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Helmholtz Munich I Daniela Barreto

Does A High-Salt Diet Trigger Asthma?

Featured Publication, Environmental Health,

The rise in asthma has been linked to different environmental and lifestyle factors including dietary habits. Researchers at Helmholtz Munich now discovered that a higher salt intake contributes to allergic asthma incidence in females. The team evaluated underlying mechanisms by using mouse models.

The new findings shed light into the link of dietary salt and asthma incidence – a so far controversial discussed topic – and offers options to define dietary recommendations for the prevention of asthma or during its therapy.

Combined Epidemiological and Mechanistic Studies

Epidemiological research was conducted using the UK Biobank Resource. Data were obtained from 42,976 participants with a history of allergies. Salt intake was measured objectively by 24-hour sodium excretion estimated from spot urine, and subjectively by self-reported frequency of salt added to food, and its association with asthma incidence was assessed by Cox regression, adjusting for relevant covariates. For mechanistic studies, a mouse model of mite-induced allergic airway inflammation (AAI) fed with high-salt diet (HSD) or normal-salt chow was used to characterize disease development. The microbiome of lung and feces (as proxy for gut) was analyzed via 16S rRNA gene based metabarcoding approach. The investigations demonstrated that in humans, urinary sodium excretion and reported frequency of added salt were both directly associated with asthma incidence among females but not among males. HSD-fed female mice displayed an aggravated AAI characterized by increased levels of total IgE, a TH2-TH17-biased inflammatory cell infiltration accompanied by upregulation of osmosensitive stress genes. HSD induced distinct changes in serum short chain fatty acids and in both gut and lung microbiome, with a lower Bacteroidetes to Firmicutes ratio and decreased Lactobacillus relative abundance in the gut, and enriched members of Gammaproteobacteria in the lung. The authors conclude that high dietary salt consumption correlates with asthma incidence in female adults with a history of allergies and the mechanism involves HSD-induced T cell lung inflammatory profiles accompanied by alterations of gut and lung microbiome.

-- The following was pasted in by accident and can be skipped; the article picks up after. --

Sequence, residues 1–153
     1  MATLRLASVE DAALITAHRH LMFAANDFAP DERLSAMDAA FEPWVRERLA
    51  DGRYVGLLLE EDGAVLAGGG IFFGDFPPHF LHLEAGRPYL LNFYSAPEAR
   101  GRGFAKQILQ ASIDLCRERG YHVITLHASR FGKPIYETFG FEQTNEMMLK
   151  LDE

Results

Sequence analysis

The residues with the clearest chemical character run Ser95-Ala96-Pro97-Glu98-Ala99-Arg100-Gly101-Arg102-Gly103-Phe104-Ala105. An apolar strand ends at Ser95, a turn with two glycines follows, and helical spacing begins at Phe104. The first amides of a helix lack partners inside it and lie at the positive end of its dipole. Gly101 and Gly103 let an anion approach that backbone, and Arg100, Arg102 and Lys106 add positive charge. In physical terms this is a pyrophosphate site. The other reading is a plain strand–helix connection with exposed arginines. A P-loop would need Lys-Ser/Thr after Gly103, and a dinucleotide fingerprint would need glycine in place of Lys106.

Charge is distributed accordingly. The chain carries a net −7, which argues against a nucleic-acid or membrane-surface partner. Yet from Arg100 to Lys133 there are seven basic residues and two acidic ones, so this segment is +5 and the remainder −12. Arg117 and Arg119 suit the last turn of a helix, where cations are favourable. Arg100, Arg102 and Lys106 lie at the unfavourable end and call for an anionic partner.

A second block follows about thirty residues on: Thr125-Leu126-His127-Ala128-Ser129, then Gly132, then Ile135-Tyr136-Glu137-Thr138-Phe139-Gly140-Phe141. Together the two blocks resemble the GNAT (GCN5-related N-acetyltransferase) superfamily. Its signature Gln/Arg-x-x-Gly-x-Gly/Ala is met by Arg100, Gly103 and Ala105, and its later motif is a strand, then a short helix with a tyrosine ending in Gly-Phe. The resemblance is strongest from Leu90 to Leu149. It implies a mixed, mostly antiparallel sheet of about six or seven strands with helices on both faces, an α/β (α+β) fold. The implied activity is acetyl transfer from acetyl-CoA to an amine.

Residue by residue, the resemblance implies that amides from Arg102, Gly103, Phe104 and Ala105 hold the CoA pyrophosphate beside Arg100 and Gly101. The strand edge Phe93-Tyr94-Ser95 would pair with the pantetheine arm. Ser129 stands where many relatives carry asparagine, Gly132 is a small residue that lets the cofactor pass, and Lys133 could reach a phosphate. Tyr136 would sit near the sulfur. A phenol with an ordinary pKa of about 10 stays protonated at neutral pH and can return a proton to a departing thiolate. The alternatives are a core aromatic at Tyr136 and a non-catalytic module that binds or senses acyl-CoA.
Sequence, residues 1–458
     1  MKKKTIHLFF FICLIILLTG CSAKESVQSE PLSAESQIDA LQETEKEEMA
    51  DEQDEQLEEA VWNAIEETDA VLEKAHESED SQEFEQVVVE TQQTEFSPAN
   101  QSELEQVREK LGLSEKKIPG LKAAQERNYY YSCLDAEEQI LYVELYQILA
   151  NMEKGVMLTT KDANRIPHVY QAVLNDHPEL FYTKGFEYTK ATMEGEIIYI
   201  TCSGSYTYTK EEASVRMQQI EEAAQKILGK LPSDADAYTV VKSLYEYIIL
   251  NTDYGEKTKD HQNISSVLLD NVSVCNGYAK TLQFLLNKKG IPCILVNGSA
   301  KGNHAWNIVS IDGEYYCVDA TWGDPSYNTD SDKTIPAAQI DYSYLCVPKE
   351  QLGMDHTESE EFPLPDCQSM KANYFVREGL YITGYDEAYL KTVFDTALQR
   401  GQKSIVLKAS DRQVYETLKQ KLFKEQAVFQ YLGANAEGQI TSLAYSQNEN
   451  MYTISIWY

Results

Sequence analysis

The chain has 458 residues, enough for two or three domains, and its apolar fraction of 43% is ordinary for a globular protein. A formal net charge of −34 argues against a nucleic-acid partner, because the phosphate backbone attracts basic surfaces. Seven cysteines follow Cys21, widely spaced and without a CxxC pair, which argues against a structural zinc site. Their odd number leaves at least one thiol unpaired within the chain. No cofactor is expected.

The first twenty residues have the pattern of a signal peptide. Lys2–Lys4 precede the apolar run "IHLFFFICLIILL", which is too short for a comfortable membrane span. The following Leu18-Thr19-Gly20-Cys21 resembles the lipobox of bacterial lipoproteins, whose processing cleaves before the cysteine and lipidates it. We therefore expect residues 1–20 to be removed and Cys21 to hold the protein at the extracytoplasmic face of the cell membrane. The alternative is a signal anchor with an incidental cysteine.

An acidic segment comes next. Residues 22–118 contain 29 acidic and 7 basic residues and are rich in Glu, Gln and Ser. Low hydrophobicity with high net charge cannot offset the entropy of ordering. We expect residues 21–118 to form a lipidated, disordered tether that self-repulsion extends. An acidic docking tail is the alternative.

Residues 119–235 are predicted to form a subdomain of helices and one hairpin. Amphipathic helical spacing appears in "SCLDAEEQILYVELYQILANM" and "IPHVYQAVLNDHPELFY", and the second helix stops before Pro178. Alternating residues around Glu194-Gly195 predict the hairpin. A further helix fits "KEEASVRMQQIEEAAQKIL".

Association Between High Intake of Dietary Salt and Asthma Incidence in Females

This publication combines outcomes from a very large, population-based prospective cohort study of adults to evaluate associations of dietary salt intake with allergic asthma incidence with results obtained using a mouse allergy model aimed at investigating underlying mechanisms of the high salt diet-induced disease exacerbation. The epidemiological study discovers novel associations between high intake of dietary salt and asthma incidence in females but not in males. Mechanistic data in female mice confirm the HSD-induced aggravation of allergic outcomes, characterized by induction of specific inflammatory T cell profiles and reduction of regulatory T cells, which are both of key immunological interest. Furthermore, high salt consumption induces alterations of short chain fatty acids in serum and of gut and lung microbiome.

Changes in Gut Microbiota

Overall, the current study shows novel mechanisms that are triggered by high salt diet in lung allergic inflammation. Furthermore, changes in gut microbiota could be used to identify individuals who might benefit from salt intake reduction for the prevention of asthma or during its therapy.

 

Original Publication
S. Musiol et al.: 2024: The impact of high-salt diet on asthma in humans and mice: Effect on specific T-cell signatures and microbiome. Allergy, 2024;00:1–14. https://doi.org/10.1111/all.16148

 

Funding information

Epidemiological study: Welsh Government; British Heart Foundation; Cancer Research UK; Diabetes UK; Wellcome Trust; Medical Research Council; NIHR. The present study was designed, conducted, and interpreted by the authors entirely independently of the funding sources.

Mouse studies: Helmholtz Munich intramural funding for allergy research (Francesca Alessandrini) and SFB1054, FungiNet TR124, Exellence Cluster Balance of the Microverse (Christina E. Zielinski).